NPD, Wharton School’s Baker Retailing Center launch study on cross-generational purchasing behavior
Younger Millennials, defined as 18- to 24-year-old consumers, have a stronger focus on technology, video games and accessories.
The NPD Group Inc., Port Washington, N.Y., partnered with Wharton School’s Baker Retailing Center on a study analyzing purchasing behavior of Millennials, Generation Xers and Boomers. The partnership combines insight by the Wharton School of the University of Pennsylvania’s Baker Retailing Center, Philadelphia, Pa., and NPD Group’s Checkout Tracking data to address retailers' demand for comprehensive profiles of consumer buying behavior.
“One of the interesting findings is about gift cards,” says Denise Dahlhoff, research director at the Wharton School’s Baker Retailing Center. “We found that the share of Millennials’ spending on gift cards at mass merchants, convenience stores and warehouse clubs is higher than that of other age segments. Meanwhile, GenX shoppers spend a greater share of their department store expenses on gift cards compared to other generations.”
Led by Dahlhoff and NPD Checkout Tracking director Sarah Wittenborn, the study uses historical purchasing data submitted by the same consumers over time. The research shows distinct differences in purchasing patterns across age groups.
For example, at mass merchants, younger Millennials, defined as 18- to 24-year-old consumers, have a stronger focus on technology, video games and accessories. Online, they share an affinity for brands such as Apple and GrubHub. When shopping online, older Millennials between the ages of 25-34 spend relatively more through Seamless, a foodservice delivery app, and Asos, among others. The online shopping habits of Boomers, defined as consumers between the ages of 45-64, seem to be influenced by their offline preferences. These consumers spend relatively more of their online expenses with department stores such as Neiman Marcus and Macy’s.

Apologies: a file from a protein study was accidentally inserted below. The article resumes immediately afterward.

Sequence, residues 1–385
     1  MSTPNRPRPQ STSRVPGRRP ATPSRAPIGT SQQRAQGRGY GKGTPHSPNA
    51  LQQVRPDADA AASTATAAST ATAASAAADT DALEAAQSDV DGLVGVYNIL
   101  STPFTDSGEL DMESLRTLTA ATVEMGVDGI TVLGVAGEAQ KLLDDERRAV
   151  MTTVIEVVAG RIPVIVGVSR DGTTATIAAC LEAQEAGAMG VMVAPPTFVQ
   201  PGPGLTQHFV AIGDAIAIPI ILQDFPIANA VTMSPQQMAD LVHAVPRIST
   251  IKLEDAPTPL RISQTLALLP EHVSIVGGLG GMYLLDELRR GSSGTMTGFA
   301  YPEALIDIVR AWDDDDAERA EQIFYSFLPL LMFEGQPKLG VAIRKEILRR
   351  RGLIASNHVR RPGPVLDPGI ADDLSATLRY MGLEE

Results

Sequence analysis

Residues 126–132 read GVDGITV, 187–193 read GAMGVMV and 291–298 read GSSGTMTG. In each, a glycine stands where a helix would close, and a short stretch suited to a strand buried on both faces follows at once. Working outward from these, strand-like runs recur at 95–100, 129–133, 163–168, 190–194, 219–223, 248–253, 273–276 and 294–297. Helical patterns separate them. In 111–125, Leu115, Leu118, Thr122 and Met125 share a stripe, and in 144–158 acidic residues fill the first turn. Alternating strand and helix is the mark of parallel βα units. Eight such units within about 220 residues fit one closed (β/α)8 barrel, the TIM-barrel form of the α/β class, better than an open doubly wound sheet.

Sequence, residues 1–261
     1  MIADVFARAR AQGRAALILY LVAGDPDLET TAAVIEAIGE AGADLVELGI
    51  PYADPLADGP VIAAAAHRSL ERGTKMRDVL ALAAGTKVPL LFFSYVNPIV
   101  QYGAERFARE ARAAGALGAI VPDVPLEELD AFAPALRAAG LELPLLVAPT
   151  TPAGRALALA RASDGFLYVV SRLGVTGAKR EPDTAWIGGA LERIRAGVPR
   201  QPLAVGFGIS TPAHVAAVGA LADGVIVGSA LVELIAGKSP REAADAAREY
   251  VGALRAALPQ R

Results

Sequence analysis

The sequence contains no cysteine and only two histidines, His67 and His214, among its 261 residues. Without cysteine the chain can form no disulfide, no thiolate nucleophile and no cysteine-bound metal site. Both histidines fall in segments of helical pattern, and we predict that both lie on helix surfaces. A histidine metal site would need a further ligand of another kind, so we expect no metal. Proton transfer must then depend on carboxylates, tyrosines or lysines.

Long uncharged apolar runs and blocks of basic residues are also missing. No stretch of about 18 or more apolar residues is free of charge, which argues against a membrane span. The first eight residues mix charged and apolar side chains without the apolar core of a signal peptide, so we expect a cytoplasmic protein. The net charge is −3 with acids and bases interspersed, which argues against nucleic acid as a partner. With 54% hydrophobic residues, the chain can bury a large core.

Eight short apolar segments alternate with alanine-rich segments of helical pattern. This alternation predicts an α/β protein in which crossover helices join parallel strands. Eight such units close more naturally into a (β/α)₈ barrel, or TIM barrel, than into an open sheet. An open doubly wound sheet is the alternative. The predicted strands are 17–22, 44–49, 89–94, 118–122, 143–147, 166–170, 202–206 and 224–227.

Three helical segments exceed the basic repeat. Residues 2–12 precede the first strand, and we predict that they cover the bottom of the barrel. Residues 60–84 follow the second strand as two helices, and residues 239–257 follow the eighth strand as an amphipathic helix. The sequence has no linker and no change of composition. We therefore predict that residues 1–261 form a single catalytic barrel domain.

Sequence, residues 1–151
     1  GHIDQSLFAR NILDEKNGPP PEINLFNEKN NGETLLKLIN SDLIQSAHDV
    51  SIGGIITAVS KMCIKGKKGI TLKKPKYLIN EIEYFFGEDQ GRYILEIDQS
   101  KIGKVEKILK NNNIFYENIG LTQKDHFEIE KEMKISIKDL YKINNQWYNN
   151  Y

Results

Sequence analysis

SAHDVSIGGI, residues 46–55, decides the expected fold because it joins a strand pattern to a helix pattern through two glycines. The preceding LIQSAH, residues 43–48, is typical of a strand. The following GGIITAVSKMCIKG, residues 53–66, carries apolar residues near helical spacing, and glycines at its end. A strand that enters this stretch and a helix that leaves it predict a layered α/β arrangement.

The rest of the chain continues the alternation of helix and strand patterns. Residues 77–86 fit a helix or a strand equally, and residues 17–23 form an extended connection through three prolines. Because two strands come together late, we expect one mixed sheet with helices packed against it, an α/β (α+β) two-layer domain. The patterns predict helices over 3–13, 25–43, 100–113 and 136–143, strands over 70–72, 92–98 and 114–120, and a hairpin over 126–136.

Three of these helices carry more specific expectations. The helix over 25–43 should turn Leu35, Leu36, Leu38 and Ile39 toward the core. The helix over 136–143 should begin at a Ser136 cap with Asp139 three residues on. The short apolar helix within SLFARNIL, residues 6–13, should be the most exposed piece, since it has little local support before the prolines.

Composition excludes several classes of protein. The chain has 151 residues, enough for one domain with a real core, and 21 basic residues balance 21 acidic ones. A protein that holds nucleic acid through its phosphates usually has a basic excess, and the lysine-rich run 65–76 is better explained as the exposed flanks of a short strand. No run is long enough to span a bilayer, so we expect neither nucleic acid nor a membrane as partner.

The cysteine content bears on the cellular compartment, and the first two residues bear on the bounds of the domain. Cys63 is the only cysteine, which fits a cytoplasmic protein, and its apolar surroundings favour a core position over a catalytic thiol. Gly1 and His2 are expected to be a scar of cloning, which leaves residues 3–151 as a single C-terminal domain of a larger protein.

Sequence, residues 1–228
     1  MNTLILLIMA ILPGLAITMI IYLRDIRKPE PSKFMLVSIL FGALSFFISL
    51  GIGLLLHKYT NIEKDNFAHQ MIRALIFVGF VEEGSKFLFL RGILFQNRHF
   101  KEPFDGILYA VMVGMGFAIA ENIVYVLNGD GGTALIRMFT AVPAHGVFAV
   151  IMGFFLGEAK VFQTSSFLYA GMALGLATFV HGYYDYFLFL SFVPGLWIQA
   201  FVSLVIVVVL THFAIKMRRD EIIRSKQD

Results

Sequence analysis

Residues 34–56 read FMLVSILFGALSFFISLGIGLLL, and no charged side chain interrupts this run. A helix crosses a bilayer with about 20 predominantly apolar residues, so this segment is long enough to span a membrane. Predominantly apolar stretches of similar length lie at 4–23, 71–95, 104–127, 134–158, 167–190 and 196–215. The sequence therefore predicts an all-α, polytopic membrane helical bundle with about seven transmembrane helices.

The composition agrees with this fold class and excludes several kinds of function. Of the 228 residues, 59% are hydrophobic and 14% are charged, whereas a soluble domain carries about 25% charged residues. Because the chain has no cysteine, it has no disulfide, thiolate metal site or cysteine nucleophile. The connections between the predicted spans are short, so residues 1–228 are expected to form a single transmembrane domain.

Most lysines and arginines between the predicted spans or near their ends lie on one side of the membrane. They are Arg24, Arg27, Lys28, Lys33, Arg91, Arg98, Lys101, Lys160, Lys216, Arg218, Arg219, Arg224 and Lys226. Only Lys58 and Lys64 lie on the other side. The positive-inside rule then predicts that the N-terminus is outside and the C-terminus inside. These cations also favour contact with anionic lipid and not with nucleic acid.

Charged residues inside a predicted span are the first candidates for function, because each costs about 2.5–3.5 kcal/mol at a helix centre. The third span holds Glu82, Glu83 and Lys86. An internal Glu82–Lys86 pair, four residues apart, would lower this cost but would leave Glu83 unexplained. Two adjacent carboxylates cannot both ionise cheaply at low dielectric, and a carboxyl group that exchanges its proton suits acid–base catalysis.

“While we can point to key similarities in purchase behavior by generation, there are also distinct purchasing differences within generations. Generation, life stage and emerging technology all come together to influence buying decisions. Understanding how they work together can help retailers to connect more effectively with their existing customer base and win new customers,” says Andy Mantis, executive vice president, Checkout Tracking for The NPD Group.
Checkout Tracking is said to be the first service that provides detailed information on consumer buying behavior at the market basket level, based on receipts for both online and brick-and-mortar retail purchases from the same individuals over time. The service delivers precise category, brand and item-level purchase detail linked to buyers and their demographics. This allows Checkout Tracking to analyze competitive market baskets and identify patterns by tracking more than 30 million items each month from more than 50,000 consumers from NPD’s receipt-harvesting mobile phone app and the scanning of more than 2 million active in-boxes for e-receipts.